Storm Chasers

Cammie Czuchnicki, along with her boyfriend Tim, runs Weather Studios. They are both committed storm chasers and keen photographers – a mixture that creates some spectacular pictures. Cammie was awarded first place in the 2013 Royal Meteorological Society's South East annual photography competition. The winning photograph (above) is called 'Tornadic Supercell at night in Kansas: May 2012'. The image captures the last storm in a line of four during a memorable evening in Russell County, Kansas.

Sunlight reduces risk of arthritis

Regular exposure to sunlight, specifically ultraviolet B (UV-B), may reduce the risk of developing rheumatoid arthritis. These were the findings from a long-term study of more than 200,000 women, published in the Annals of the Rheumatic Diseases. The report speculated that vitamin D, which the body produces when exposed to sunlight, might protect women from arthritis.

The Big Freeze of 1963: One of the coldest winters on record

Image: Richard Johnson

We take a look back at The Big Freeze of 1963 - one of the coldest winters on record in the UK. When we look at the Central England Temperature records, which extend back to 1659, only the winters of 1683–84 and 1739-40 have been colder.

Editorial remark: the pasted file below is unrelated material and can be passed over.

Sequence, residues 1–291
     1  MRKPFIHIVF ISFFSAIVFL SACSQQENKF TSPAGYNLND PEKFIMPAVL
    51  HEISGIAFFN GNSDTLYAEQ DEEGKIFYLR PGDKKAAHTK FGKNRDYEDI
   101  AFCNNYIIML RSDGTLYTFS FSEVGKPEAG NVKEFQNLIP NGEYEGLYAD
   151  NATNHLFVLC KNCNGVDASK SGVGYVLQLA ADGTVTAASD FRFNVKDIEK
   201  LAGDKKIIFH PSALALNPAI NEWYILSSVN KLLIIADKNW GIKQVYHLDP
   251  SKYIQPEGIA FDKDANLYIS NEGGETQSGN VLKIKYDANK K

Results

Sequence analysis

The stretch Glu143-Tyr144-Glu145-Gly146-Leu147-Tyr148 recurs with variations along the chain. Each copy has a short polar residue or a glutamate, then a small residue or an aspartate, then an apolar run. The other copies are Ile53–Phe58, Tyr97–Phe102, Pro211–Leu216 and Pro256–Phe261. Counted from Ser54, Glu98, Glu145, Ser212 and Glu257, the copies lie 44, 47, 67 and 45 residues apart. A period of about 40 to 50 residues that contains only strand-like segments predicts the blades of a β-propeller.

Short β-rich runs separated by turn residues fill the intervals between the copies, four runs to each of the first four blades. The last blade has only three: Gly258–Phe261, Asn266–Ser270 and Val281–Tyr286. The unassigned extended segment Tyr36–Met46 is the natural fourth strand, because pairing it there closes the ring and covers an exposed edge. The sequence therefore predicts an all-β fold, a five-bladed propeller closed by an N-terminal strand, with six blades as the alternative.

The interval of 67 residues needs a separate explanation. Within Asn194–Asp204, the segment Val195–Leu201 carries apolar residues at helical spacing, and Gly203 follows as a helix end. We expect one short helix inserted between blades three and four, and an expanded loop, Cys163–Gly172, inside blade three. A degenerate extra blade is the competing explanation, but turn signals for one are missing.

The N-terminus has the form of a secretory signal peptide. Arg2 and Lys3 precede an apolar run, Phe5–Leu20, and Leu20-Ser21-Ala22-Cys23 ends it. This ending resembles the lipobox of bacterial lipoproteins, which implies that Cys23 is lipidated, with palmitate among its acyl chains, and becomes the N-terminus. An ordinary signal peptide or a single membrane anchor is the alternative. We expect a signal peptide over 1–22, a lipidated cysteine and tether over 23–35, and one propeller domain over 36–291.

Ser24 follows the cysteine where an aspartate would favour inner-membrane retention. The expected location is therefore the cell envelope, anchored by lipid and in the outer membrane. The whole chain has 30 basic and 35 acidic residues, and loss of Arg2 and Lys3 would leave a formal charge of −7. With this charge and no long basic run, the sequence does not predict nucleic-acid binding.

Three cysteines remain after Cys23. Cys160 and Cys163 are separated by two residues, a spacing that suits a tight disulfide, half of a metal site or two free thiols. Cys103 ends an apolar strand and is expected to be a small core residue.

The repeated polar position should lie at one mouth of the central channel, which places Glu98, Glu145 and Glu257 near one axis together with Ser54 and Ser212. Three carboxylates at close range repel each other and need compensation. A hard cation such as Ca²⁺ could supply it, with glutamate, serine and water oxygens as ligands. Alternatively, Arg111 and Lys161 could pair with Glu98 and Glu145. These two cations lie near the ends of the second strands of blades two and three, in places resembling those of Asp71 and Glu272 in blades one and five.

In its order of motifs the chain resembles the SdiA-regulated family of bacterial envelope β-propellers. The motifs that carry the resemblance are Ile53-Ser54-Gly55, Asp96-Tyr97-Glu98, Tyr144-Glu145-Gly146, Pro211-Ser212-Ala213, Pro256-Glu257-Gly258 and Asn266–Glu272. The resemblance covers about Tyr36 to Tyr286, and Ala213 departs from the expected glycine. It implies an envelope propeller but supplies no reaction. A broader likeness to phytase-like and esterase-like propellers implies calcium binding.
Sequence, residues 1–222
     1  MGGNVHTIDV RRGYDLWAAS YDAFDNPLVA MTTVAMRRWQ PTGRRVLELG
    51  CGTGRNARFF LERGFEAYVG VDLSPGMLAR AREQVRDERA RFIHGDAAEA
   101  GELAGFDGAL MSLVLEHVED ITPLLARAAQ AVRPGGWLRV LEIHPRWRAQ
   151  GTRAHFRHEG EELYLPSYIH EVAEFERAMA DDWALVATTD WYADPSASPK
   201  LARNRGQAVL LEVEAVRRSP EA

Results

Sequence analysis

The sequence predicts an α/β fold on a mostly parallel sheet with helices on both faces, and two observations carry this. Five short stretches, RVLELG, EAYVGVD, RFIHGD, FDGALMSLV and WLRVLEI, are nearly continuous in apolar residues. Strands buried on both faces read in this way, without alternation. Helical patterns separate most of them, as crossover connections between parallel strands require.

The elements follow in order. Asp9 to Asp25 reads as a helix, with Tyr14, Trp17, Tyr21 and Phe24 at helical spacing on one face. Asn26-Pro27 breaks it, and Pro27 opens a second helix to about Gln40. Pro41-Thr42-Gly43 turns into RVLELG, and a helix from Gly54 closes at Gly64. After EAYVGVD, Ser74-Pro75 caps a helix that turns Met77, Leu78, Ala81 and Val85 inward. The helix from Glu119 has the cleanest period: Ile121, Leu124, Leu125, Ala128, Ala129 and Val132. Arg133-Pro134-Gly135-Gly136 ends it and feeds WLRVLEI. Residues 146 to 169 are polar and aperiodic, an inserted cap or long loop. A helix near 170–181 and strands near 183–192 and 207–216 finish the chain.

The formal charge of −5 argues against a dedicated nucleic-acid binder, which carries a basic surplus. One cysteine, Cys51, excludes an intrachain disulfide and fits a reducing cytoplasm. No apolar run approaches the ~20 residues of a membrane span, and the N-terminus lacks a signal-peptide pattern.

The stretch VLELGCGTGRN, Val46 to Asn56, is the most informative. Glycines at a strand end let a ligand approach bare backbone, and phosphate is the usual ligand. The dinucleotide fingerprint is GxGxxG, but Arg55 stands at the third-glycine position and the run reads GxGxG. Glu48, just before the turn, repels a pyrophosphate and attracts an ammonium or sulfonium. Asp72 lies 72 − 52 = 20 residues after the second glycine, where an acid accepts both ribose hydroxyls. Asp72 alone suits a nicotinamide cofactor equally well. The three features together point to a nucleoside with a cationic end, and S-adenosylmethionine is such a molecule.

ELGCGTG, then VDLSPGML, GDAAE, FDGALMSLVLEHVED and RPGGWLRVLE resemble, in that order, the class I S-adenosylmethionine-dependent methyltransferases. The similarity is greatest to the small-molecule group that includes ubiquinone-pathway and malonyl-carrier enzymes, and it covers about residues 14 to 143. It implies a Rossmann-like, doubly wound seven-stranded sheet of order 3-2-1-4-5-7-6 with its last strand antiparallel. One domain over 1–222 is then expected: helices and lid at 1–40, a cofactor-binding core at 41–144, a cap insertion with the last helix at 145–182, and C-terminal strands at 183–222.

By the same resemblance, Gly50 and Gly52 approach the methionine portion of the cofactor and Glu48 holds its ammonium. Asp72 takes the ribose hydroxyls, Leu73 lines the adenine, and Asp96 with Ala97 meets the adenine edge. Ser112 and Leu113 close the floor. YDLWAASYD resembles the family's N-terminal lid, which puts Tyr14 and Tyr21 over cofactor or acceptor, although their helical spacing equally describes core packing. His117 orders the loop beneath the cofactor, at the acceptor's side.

The most severe conditions were across England and Wales and although winter hit hard in Scotland it didn't rank as one of its worst on record.

2012: from droughts to floods: A year of two extremes

Across parts of the UK, the year began with ongoing concerns over long-term drought heightened by a relatively dry January to March but the situation was then transformed by the wettest April to June on record. There was been no modern day precedent for the extraordinary switch in rainfall amounts; the nearest comparison was in 1903.

Improved El Nino Forecasts

NASA image shows the warm water pool in the eastern Pacific during the El Niño event in 1997.

A study published in the Proceedings of the National Academy of Sciences claims to have discovered a better way of forecasting the periodic warming in the eastern equatorial Pacific, known as El Niño events. These events are closely linked to severe weather in Latin America and thousands of miles further away, as far as Australia, Africa and North America.